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Hasui Kawase (May 18, 1883 – November 7, 1957) was a prominent Japanese painter of the late 19th and early 20th centuries, and one of the chief printmakers in the shin-hanga ("new prints") movement. 

Kawase worked almost exclusively on landscape and townscape prints based on sketches he made in Tokyo and during travels around Japan. However, his prints are not merely meishō (famous places) prints that are typical of earlier ukiyo-e masters such as Hiroshige and Katsushika Hokusai (1760-1849). Kawase's prints feature locales that are tranquil and obscure in urbanizing Japan. 

In 1923 there was a great earthquake in Japan that destroyed most of his artwork. 

Hasui Kawase (May 18, 1883 – November 7, 1957) was a prominent Japanese painter of the late 19th and early 20th centuries, and one of the chief printmakers in the shin-hanga ("new prints") movement.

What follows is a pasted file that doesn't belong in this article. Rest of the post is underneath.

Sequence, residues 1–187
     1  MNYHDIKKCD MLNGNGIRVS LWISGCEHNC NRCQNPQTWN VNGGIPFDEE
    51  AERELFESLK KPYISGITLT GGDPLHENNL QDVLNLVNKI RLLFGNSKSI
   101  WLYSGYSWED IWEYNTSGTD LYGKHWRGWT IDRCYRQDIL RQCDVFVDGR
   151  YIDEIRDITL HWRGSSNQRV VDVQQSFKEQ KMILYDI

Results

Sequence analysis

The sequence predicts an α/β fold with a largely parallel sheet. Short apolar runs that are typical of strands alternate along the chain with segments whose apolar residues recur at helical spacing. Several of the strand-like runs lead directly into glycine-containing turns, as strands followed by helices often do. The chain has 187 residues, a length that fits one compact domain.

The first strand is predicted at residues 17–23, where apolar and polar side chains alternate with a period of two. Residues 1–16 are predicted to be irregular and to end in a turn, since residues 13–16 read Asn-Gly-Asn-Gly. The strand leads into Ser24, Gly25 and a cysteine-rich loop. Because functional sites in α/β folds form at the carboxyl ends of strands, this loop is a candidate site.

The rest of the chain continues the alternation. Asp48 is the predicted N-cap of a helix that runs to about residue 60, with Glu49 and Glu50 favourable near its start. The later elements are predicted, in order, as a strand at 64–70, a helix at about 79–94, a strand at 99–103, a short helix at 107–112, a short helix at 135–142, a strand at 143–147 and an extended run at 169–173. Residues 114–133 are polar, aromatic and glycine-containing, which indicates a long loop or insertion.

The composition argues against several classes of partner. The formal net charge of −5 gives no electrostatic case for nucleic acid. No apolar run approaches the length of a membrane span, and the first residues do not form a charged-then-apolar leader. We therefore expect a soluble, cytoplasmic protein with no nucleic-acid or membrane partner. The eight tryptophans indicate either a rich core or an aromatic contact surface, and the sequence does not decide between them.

Kawase worked almost exclusively on landscape and townscape prints based on sketches he made in Tokyo and during travels around Japan. However, his prints are not merely meishō (famous places) prints that are typical of earlier ukiyo-e masters such as Hiroshige and Katsushika Hokusai (1760-1849). Kawase's prints feature locales that are tranquil and obscure in urbanizing Japan. 

In 1923 there was a great earthquake in Japan that destroyed most of his artwork. 

Hasui Kawase (May 18, 1883 – November 7, 1957) was a prominent Japanese painter of the late 19th and early 20th centuries, and one of the chief printmakers in the shin-hanga ("new prints") movement. 

Kawase worked almost exclusively on landscape and townscape prints based on sketches he made in Tokyo and during travels around Japan. However, his prints are not merely meishō (famous places) prints that are typical of earlier ukiyo-e masters such as Hiroshige and Katsushika Hokusai (1760-1849). Kawase's prints feature locales that are tranquil and obscure in urbanizing Japan. 

In 1923 there was a great earthquake in Japan that destroyed most of his artwork.